07 Sep Air Crash Investigation Special Report (S3)
Air Crash Investigation Special Report (S3)
If you’ve ever seen the crash-sight photos of a commercial plane, it’s no wonder why so many people find the idea of flying in a sheet metal shell held together by pop-rivets 9 km above ground at 800 km/h scary. “Flying coffin” comes to mind.
Without context, aeroplane fatalities come across as far worse than your every day road accidents. The deadliest aeroplane crash in history involved two planes and killed 583 people. Conversely, the deadliest car-pileup in history killed 17 people and involved over 100 cars. As far as disasters go, one aeroplane accident will always kill more people than one car accident, but one has to keep in mind how often these sorts of accidents happen.
Car accidents happen in every country in the world every single day. The World Health Organization has estimated that about 1.35 million people die in car accidents worldwide every year. That’s more than the population of Mauritius. Conversely in 2019, 257 people died in aeroplane accidents worldwide. You can comfortably fit three times as many standing people into an Olympic size swimming pool. Statistically, you’re 6 times more likely to die getting hit by lightning and 5 thousand times more likely to die in a car accident than die in a plane crash.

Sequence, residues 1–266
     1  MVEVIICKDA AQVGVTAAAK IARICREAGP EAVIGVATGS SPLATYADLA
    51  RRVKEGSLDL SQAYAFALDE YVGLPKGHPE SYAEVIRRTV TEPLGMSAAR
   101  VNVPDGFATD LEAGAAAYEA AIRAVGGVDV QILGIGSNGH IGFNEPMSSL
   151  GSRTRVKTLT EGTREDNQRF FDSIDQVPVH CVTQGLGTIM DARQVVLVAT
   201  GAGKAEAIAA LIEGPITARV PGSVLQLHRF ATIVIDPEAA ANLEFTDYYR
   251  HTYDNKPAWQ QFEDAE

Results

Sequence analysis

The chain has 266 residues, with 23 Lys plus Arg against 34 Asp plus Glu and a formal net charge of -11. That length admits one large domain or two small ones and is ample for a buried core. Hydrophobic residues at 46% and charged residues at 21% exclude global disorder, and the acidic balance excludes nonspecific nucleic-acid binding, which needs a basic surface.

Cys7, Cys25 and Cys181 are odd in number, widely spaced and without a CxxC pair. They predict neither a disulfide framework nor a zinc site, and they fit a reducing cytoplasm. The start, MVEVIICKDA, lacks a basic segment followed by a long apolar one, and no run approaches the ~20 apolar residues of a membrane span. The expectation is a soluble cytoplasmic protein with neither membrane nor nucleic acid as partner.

The reason why planes are so safe compared to every other form of transport is that the airline industry takes flight safety very seriously. After a crash, every conceivable influence on the event is investigated. From obvious things like weather conditions and pilot errors to obscure things like the type of steel, they used in the engines. If the cause of an accident was due to the aeroplane itself, all other models of that aeroplane are grounded until the issue is resolved, even if it leads to millions of dollars in lost revenue.
Since air crash investigations are so thorough we have a very clear idea on what went wrong when disaster struck and what we learned from it. In this series, we’ll be examining several accidents per episode with every episode sharing a common theme. Witness how simple procedural mistakes lead to crashes on the runway, or how split-second decisions lead to disaster.
Thursdays at 8 PM on National Geographic Channel (ch 220)